Children and Protected Parties – Can they Participate in Trust and Probate claims?

23 March 2020

In many cases where there is a dispute over a trust or estate, one or more of the potential parties will be a minor child (that is, aged under 18). Cases may also involve parties who do not have the requisite mental capacity under the Mental Capacity Act 2005 to engage in litigation. Such parties are commonly referred to as ‘protected parties’.

The procedures for litigation by or on behalf of a protected party are covered by Part 21 of the Civil Procedure Rules (“the Rules”). The Rules say that a protected party must have a litigation friend to conduct the litigation on their behalf (unless the court orders otherwise). A litigation friend is someone who will fairly and competently conduct proceedings on behalf of the protected party. A litigation friend is required to act for the benefit of the protected party’s and to act in their best interests. The litigation friend can be a professional, or it can also be someone related to or connected with the protected party, such as a parent, guardian, or other family member.

A person can become a litigation friend by one of three ways:

  1. If the protected party has a deputy appointed by the Court of Protection and the deputy’s appointment includes the authority to conduct litigation, then the deputy is entitled to be the litigation friend;
  2. By order of the court following an application; or
  3. Without an order of the court, provided that person can fairly and competently conduct proceedings on behalf of the protected party, has no adverse interest of their own, and (in the case of a claimant) undertakes to pay any costs which the protected party may be ordered to pay in relation to the proceedings. This is subject to the right to be repaid from the assets of the protected party. Becoming a litigation friend through this method requires the proposed litigation friend to file a ‘certificate of suitability’, setting out the aforesaid, at the time a claim is made (or if the protected party is the defendant, at the time of taking the first step in the proceedings).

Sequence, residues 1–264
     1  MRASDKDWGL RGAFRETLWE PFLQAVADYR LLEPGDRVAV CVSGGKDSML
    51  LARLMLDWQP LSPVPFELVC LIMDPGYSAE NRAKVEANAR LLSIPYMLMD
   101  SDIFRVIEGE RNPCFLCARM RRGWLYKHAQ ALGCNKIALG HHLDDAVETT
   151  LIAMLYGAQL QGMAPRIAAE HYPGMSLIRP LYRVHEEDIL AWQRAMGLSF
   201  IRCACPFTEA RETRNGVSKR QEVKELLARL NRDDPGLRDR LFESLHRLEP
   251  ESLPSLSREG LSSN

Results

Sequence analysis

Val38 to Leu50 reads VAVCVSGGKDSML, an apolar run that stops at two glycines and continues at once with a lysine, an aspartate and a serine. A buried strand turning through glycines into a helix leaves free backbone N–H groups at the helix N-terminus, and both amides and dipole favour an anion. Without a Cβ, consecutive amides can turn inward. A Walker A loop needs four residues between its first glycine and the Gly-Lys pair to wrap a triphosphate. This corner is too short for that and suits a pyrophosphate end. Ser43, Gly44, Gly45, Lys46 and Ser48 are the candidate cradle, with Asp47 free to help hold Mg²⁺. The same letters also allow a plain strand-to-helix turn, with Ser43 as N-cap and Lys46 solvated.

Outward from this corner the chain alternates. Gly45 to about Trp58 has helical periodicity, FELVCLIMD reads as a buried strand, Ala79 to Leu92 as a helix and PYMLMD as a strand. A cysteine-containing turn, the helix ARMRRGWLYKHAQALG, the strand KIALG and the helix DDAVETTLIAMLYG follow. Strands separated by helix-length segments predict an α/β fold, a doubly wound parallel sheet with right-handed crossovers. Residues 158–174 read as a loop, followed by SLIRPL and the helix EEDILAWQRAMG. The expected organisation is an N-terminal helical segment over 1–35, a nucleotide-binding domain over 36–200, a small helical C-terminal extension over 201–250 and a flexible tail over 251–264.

The court retains a wide discretion when it comes to the appointment of a litigation friend. It can make an order that a litigation friend be replaced, that their appointment be terminated, or that a person cannot be a litigation friend.

Just as a litigation friend can conduct proceedings on behalf of a protected party, they can also compromise the claim and reach settlement on their behalf. However, no compromise, settlement or payment will be valid without the approval of the court. This is the case whether compromise is reached in the pre-action stage, before proceedings are issued, or whether there are active court proceedings. In order to obtain approval of a settlement reached before proceedings have been started, a claim must still be issued and evidence must be filed outlining, amongst other matters, the terms of the settlement. In most cases the court will also require the opinion of a barrister or solicitor on the merits of the settlement.

There are many situations in which a litigation friend may be required. Recent cases in which we have represented a protected party through their litigation friend include:

  1. A claim under the Inheritance (Provisions for Family & Dependents) Act 1975, where the deceased’s will made no provision for his 8 year old child after the deceased divorced his wife several years earlier;
  2. A claim under the Inheritance (Provisions for Family & Dependents) Act 1975 on behalf of the deceased’s teenage children after intestacy meant they received nothing from the estate;
  3. A claim on behalf of a 16 year old challenging the validity of a homemade will made by her father shortly before his death on the basis of fraud/ forgery; and
  4. An application for variation to the terms of a trust which would have a potential impact on minor and unborn beneficiaries. The appointment of a litigation friend was therefore required in order to represent the unborn and unascertained beneficiaries’ interests.

It is worth remembering therefore that even if a potential claim involves a protected party, they are able to participate in order to protect or establish an interest or entitlement in an estate or trust. However it is important to get things right from the start because any step taken before a child or protected party has a litigation friend is of no effect unless the court orders otherwise.

If you need advice in relation to a claim involving a protected party, please get in touch with Kate or with a member of our Wills, Trusts and Inheritance Disputes team.

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We welcome views and opinions about the issues raised in this blog. Should you require specific advice in relation to personal circumstances, please use the form on the contact page.

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